Location: Dairy and Functional Foods ResearchTitle: Thermophilin 110 inhibits growth and biofilm formation of Streptococcus mutans
Submitted to: Current Microbiology
Publication Type: Peer Reviewed Journal
Publication Acceptance Date: 6/12/2021
Publication Date: 6/16/2021
Citation: Renye Jr, J.A., Steinberg, D.H. 2021. Thermophilin 110 inhibits growth and biofilm formation of Streptococcus mutans. Current Microbiology. https://doi.org/10.1016/j.btre.2021.e00647.
Interpretive Summary: Tooth decay is caused by the conversion of sugar to acid by specific bacteria within the oral cavity. Although good oral hygiene, including brushing and flossing, can help to prevent the development of dental cavities, they remain a global oral health burden affecting both children and adults. Recently, laboratory and clinical studies have suggested that beneficial bacteria, called probiotics, could prevent bad breath, cavities and periodontal disease by inhibiting the colonization or growth of bacteria associated with these conditions. This study reports the potential for using a dairy starter culture to prevent the formation of dental cavities. The yogurt culture naturally produced a compound which inhibited the growth of an oral bacterium commonly associated with tooth decay. In addition, the compound was shown to prevent aggregation of the oral bacterium, thus preventing the formation of a film that adheres to the tooth surface. Results from this study suggest the yogurt culture could serve as an oral probiotic, or the compound could be included as a component within pastes or rinses to improve oral health.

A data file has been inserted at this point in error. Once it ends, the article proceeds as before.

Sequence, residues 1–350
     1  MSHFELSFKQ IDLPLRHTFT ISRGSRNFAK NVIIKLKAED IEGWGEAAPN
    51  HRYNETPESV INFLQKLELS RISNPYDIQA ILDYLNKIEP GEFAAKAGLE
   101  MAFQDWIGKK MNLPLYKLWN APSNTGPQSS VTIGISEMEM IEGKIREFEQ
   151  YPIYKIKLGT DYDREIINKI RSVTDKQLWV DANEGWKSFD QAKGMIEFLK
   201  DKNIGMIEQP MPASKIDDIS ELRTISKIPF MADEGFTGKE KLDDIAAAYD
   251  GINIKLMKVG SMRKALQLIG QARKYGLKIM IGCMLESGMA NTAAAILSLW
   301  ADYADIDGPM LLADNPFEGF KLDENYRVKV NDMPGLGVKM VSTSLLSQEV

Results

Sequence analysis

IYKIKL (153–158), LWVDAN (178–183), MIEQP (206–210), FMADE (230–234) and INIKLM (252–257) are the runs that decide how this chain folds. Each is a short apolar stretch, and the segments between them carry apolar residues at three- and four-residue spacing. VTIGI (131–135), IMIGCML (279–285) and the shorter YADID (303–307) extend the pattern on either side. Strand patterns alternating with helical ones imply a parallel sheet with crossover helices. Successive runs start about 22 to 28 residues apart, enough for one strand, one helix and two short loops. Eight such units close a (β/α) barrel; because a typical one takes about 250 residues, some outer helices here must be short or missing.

Technical Abstract: Cell free supernatants (CFS) from five bacteriocin-producing strains of Streptococcus thermophilus were screened for activity against the oral pathogen Streptococcus mutans UA159. S. thermophilus B59671, which naturally produces thermophilin 110, was the only strain that inhibited the growth of S. mutans in broth and agar medium. Thermophilin 110 at concentrations of 80 AU ml-1 or higher prevented the growth of S. mutans in batch culture; while 160 AU ml-1 was required to prevent biofilm formation. Co-culturing S. thermophilus B59671 and S. mutans UA159 was also shown to disrupt biofilm formation, which may be a result of thermophilin 110 inhibiting the growth of planktonic cells thus preventing their attachment to surfaces. These results suggest that S. thermophilus B59671 has the potential to serve as a probiotic for improving oral health; or that thermophilin 110 could be used as a natural antimicrobial in products developed to prevent tooth decay.